It is necessary for any civilized society to have a strict set of rules that can be applied on a consistent basis, and more importantly, that the citizenry can have some predictability in terms of the Rule of Law.  In the business context, no one wants to invest in a country where there isn't a predictable set of laws.  In the social context, it is important that the Rule of Law be understood so that the impact of individual conduct is clear, rather than rules being applied on an ad hoc basis.  So I think Francis is right.  You could have a very autocratic government.  You could, in fact, have a dictatorship with a very strong set of laws, and those laws might be applied in a harsh way.  But if they are evenly applied on a consistent basis, then you have a consistent Rule of Law that people could rely on.  It is uncertainty that undermines the Rule of Law.

Monday, August 22, 2011

Rule of Law Interview with Attorney General George Jepsen

By Dan Elliott

Attorney General George Jepsen
A prominent theme at the CBA's 2010 Rule of Law Conference was the impact that Connecticut's regulatory structure has on business in the State.  Connecticut Attorney General George Jepsen graciously agreed to an interview with the Rule of Law Blog to discuss this and other themes relevant to the Rule of Law.  Please enjoy the Rule of Law Blog's interview with Attorney General Jepsen.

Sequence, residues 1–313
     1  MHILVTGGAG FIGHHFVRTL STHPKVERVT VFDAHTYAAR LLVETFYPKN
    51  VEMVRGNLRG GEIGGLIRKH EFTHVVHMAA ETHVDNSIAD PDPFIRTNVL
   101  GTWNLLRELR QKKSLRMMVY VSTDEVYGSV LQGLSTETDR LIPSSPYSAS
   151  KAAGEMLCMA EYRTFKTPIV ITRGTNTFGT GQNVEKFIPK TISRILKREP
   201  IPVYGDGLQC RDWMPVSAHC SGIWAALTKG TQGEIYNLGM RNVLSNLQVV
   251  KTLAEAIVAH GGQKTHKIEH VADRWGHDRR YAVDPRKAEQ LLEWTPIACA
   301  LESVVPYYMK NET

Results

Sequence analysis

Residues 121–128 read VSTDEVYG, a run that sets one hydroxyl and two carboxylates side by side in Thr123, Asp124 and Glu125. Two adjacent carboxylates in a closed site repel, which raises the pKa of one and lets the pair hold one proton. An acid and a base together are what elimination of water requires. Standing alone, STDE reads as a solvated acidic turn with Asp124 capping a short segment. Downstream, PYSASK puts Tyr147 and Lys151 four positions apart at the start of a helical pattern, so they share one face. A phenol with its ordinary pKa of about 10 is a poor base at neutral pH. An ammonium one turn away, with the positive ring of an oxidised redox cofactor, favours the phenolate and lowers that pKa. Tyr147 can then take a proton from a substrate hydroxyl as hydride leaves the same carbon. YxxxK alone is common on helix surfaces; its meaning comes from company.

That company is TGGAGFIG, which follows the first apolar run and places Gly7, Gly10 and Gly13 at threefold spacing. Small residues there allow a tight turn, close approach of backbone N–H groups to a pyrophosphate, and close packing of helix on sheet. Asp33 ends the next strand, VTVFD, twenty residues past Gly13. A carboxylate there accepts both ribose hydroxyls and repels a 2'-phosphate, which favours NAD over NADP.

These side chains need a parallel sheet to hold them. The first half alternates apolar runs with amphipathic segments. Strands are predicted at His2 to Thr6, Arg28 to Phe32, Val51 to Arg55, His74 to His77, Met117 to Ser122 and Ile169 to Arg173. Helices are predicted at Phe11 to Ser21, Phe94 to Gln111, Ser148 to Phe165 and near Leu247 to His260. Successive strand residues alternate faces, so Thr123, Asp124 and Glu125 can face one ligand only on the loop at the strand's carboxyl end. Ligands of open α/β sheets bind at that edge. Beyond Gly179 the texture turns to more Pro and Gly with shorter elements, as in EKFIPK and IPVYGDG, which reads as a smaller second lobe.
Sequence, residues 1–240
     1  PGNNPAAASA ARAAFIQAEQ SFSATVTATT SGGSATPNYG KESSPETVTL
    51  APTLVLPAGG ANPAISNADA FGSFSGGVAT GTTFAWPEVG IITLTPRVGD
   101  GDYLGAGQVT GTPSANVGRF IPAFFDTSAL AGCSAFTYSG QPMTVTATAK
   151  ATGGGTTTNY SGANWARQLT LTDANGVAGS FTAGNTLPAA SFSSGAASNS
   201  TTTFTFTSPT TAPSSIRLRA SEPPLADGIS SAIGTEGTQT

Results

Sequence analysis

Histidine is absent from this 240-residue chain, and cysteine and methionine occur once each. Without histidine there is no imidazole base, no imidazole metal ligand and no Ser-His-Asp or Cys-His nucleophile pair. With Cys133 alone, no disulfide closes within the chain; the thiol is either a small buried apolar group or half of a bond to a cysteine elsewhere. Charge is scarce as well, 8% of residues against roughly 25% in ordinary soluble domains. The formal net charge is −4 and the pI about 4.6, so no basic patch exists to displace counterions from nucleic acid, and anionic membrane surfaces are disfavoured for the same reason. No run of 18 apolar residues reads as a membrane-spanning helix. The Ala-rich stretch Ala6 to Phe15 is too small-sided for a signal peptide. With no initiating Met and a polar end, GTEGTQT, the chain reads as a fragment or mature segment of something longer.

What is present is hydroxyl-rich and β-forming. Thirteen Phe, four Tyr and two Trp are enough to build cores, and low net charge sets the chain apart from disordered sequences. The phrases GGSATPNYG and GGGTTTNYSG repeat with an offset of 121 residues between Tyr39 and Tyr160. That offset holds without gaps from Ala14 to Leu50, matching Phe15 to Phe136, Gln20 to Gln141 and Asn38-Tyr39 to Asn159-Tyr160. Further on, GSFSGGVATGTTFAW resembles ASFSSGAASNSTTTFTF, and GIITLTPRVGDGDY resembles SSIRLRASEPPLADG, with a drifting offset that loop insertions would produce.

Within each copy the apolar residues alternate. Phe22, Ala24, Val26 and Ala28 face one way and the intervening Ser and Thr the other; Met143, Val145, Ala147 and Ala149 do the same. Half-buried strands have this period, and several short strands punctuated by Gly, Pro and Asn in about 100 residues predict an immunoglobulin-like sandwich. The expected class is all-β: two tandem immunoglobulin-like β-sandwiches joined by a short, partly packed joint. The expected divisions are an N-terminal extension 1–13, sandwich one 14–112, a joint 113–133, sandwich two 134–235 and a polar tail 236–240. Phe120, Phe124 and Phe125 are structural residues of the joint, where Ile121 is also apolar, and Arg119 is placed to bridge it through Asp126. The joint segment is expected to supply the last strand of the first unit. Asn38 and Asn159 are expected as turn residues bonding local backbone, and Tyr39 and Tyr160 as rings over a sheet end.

What is the Rule of Law?

The rule of law is the fair and impartial application and enforcement of the statutes, legal opinions and regulations that govern the conduct of individuals and corporate entities for the protection of society and public health and safety.
A common theme at the CBA’s Rule of Law Conference was the impact that regulations and administrative agencies have on the business community. In your estimation, are regulations and the administrative agencies helping or hurting businesses?
Compliance with the law is a necessary cost of doing business; as long as regulations are applied fairly and uniformly, no business should be unduly burdened.  Administrative agencies and the regulations they enforce are meant to ensure that businesses are registered; have the necessary training, licenses, permits, and insurance to do the job correctly; and that their workers are protected.  It would be na├»ve, however, to suggest that all regulations are created equal or that agencies always exercise their authority reasonably.  As Attorney General, I recognize that government leaders should at times reassess whether a particular law or regulation serves its intended purpose and whether a government agency is appropriately exercising its authority.  Only then will any regulatory scheme inspire public trust and confidence.